High Art, a slow, serious, and ultimately rewarding film due in Nashville theaters in coming weeks, not only manages to say something interesting about art but also finesses the question of quality in a disarming way. Syd (Radhu Mitchell), an assistant editor at a photography magazine, is trained in critical theory. So when she takes an interest in the photographs on her neighbor Lucy's bathroom wall, she praises them with a thesaurus-load of critical buzzwords about "intensity" and "immediacy." Syd believes the pictures are art because Lucy carefully chose composition, setting, and all the other photographer's variables; Lucy (Ally Sheedy) doesn't care if they're art, only that they represent her life. "Actually, I think that was a snapshot," she answers when Syd praises the casual qualities of an image.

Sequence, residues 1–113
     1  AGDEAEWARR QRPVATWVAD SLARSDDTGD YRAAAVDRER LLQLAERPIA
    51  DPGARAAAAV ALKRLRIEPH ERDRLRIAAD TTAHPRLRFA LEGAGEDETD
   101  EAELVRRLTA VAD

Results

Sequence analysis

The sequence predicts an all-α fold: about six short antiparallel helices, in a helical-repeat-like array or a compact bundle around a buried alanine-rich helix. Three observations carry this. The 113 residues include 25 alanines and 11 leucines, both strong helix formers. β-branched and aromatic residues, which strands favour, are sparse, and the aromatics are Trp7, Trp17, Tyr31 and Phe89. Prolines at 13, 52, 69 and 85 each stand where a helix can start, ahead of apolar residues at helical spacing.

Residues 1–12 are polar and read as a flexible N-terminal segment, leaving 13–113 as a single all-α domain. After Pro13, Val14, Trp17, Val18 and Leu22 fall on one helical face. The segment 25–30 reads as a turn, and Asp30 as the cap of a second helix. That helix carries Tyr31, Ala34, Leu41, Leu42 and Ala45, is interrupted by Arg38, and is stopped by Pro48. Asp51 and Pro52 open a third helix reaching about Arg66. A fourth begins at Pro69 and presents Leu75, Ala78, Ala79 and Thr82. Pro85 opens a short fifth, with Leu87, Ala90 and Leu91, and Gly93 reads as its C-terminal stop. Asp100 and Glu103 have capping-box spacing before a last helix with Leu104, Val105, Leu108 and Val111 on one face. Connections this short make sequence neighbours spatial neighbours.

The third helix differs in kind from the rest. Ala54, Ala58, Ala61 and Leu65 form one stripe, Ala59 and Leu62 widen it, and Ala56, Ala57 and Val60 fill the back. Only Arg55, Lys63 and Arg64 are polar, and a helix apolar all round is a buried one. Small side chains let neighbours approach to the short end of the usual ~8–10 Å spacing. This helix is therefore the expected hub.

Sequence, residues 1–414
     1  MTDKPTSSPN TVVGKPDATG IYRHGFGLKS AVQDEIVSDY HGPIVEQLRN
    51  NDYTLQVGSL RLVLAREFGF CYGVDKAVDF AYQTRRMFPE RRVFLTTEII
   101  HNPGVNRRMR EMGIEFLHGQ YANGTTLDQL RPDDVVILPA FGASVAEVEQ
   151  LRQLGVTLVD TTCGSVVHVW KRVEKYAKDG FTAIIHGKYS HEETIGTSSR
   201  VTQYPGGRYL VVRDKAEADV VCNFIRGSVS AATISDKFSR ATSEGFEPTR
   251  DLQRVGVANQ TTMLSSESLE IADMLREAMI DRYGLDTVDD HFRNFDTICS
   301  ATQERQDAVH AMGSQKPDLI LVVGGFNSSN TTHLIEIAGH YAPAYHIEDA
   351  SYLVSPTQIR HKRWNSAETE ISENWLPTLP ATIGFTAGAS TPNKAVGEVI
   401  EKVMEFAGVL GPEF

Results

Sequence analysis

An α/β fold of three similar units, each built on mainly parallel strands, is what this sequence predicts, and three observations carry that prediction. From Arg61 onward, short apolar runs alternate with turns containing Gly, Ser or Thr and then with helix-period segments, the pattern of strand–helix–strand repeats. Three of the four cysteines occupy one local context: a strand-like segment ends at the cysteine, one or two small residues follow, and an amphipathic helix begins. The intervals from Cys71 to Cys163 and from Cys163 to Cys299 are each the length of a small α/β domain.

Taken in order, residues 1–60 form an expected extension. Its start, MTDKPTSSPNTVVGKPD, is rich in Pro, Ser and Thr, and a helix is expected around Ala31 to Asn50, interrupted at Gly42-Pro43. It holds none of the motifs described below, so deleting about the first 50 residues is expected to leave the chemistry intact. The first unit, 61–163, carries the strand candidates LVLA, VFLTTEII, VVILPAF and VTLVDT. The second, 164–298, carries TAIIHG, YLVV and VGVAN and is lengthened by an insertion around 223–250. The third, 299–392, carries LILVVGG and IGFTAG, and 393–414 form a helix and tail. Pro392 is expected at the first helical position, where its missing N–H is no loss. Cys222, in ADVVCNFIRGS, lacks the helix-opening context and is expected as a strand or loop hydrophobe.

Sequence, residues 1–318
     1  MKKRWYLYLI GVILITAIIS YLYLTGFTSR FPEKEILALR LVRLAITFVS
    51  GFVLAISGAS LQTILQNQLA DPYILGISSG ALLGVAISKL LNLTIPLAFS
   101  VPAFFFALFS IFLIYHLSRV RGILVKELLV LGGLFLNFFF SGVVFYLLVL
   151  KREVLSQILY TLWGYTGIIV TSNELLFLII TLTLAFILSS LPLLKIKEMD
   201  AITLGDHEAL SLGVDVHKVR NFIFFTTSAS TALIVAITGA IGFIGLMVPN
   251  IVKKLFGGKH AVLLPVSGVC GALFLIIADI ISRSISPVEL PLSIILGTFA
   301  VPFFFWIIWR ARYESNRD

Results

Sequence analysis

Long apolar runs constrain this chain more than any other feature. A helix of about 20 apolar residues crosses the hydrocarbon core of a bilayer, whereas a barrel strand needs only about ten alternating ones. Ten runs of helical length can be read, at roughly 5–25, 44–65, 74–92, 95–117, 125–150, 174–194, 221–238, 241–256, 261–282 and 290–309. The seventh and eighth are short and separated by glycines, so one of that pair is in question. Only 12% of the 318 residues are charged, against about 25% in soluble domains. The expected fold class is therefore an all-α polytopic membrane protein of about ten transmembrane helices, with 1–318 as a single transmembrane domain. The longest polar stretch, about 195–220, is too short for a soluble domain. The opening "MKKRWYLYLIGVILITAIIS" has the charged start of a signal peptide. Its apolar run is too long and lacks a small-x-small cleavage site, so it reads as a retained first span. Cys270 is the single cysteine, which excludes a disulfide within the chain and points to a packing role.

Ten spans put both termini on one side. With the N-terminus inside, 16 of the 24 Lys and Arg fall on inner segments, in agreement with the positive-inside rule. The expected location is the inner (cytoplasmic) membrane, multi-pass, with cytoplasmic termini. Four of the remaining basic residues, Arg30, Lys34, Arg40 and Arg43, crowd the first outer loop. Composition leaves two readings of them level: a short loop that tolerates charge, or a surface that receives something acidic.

Syd is drawn to Lucy's lack of ambition--she retired from the art-photography world 10 years ago--and the static, emotionless world of her circle of bohemian druggies, who include Lucy's girlfriend Greta (Patricia Clarkson), a former Fassbinder actress turned full-time addict. Lucy's life contrasts favorably to Syd's life as a magazine flunky with a fancy title and frustrated ambition. But when Syd persuades Lucy to create a spread for her magazine, she can't help bringing her working self, the one who takes deadlines seriously, into Lucy's world of found art. She is a willing partner in Lucy's seductive purposes, but their passion finally leads to an artistic achievement that Syd finds hard to reconcile with her professional persona.